The U.S. administration may have gauged the depth of the Arab anger and the danger it poses to some of their client states in West Asia. According to diplomatic sources, the administration had given the Israeli government a free hand for eight days to achieve its military goals in the West Bank. It was only after this period that Bush decided to send Secretary of State Colin Powell to Israel. His administration took four days to dispatch Powell to the region, giving Israeli forces more time to eliminate Palestinians who were active in the struggle. In the second week of April there were reports of a massacre of civilians in a refugee camp in Nablus. "If there were hundred suicide bombers before the full-scale Israeli invasion, now there are 1,000," said an Arab diplomat.

Israeli Defence Minister Binyamin Ben-Eliezer had told the media that U.S. Vice-President Dick Cheney was for even tougher action against the Palestinians than was contemplated by the Israeli government. He reportedly agreed with Sharon that talking with Arafat was a waste of time. Cheney had visited the region in March. Anthony Zinni, the U.S. envoy in the region, has been trying to dictate terms to Arafat. According to el-Sheikh, the Palestinian Authority had agreed to the Tenet Plan with a heavy heart. But Zinni has been coming up with "new modifications from the Israeli side without any corresponding obligations". Every time Zinni met Arafat, it was to convey a threat. "We will not bend," says el-Sheikh. What Israel has been doing of late "is a sign of weakness, not of strength", he says.

According to the Palestinian envoy, the war crimes being committed by the Israeli army are worse than those by the Nazis. In cities such as Bethlehem, women and children are left bleeding to death on the streets. Mosques and churches have been targeted. The Church of Nativity, situated at the spot where Jesus was believed to have been born, is under siege. A Catholic priest was killed and six nuns were injured in Bethlehem when Israeli tanks rolled in. "Israeli policy is to destroy and kill anything that moves," says Khaled el-Sheikh. The bodies of Palestinians rot on the streets for days. Peace activists and journalists have been detained and fired on. Palestinian civilian structures such as power plants, schools and sewerage facilities, have been selectively targeted. Many young Palestinians have been arrested and, in a practice reminiscent of Nazi Germany, numbers are written on their arms to keep track of them.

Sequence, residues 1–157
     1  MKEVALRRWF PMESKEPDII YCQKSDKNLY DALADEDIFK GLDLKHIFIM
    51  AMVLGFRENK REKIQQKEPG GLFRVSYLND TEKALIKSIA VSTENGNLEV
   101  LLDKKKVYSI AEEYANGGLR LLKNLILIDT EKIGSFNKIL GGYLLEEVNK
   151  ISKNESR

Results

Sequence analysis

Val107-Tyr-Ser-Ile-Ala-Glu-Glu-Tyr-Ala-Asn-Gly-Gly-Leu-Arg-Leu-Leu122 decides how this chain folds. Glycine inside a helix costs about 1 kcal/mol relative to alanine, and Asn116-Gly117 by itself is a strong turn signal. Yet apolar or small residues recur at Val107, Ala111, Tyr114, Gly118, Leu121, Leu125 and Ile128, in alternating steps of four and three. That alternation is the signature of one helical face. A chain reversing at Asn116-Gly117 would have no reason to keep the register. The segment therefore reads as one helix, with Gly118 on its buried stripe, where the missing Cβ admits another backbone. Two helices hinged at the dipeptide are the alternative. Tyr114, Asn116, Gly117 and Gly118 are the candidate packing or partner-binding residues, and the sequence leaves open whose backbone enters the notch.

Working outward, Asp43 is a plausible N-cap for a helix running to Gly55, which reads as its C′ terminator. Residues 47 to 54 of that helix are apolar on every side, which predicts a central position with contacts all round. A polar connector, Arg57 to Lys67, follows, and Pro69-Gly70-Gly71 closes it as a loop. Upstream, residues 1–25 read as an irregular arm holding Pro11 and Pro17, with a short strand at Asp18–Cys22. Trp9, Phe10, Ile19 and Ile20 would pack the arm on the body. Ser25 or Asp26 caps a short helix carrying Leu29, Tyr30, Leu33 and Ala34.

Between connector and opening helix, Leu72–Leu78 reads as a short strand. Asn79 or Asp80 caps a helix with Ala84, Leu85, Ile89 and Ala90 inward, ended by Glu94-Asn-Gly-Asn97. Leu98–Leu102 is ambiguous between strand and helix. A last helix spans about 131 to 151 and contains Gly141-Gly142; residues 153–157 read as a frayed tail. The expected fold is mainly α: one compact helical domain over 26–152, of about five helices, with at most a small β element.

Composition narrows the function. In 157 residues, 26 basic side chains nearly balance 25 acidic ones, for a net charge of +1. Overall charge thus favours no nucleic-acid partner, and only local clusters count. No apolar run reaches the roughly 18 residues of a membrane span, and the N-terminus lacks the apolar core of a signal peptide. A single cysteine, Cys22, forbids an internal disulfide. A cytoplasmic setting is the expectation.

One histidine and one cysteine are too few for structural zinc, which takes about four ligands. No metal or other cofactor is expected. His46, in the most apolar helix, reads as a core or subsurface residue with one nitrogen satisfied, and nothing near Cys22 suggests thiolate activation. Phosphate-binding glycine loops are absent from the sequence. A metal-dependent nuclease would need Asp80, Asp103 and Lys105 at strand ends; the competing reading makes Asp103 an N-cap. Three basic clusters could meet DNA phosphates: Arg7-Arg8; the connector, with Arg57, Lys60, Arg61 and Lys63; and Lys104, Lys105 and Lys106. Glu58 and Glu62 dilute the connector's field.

BUT the much-vaunted Israeli army has not achieved any of its major goals. "We have taken a decision to win or die," says el-Sheikh. With rifles and home-made bombs Palestinians have been able to destroy tanks and inflict casualties on the Israeli army. According to el-Sheikh, there have been many instances of Israeli soldiers surrounded by Palestinian fighters being rescued by Israeli helicopters.

The myth of Israel's military invincibility has been conclusively broken. In the old days, Israel had destroyed large sections of the armies of Arab states such as Egypt within days. The Palestinians, with their zeal and stamina, have now brought Israel to a critical juncture. It is not able to provide security to its own citizens while waging war against the Palestinians. In the first round of Intifada 15 years ago, the death ratio was 25 Palestinians to one Israeli. In the current uprising, it is one Israeli for every three Palestinians. It is a foregone conclusion that Sharon's attempts to cow down the civilian population of Palestine are doomed to fail. In March alone, 125 Israelis lost their lives, which is more than the number of Israeli casualties during the invasion of Lebanon in 1982. According to a diplomat, a "balance of fear" has been established between the warring parties.

It is obvious that the Israeli state, despite its claim to have the most sophisticated intelligence network, has not been able to defend even its capital, Tel Aviv, from attack. Israelis' confidence in their army has been shaken after its failure to subdue the Palestinian resistance. Around a million Israelis with dual citizenship have gone back to the U.S. In the past one year, the Israeli currency, the shekel, has gone down by 25 per cent in value. Revenue from tourism has also drastically declined in this period. For the Zionist state, these statistics are more devastating than the body count.

AMBASSADOR EL-SHEIKH says that the Israeli establishment was never serious about peace and points out that the Tenet and Mitchell plans call for the dismantlement of Israeli settlements in the West Bank and Gaza. Peace would also bring to the surface the inherent contradictions of Israeli society. According to el-Sheikh, about 90 nationalities from different parts of the world constitute the Jewish nation. "It is only the fight against the Arabs that unites them."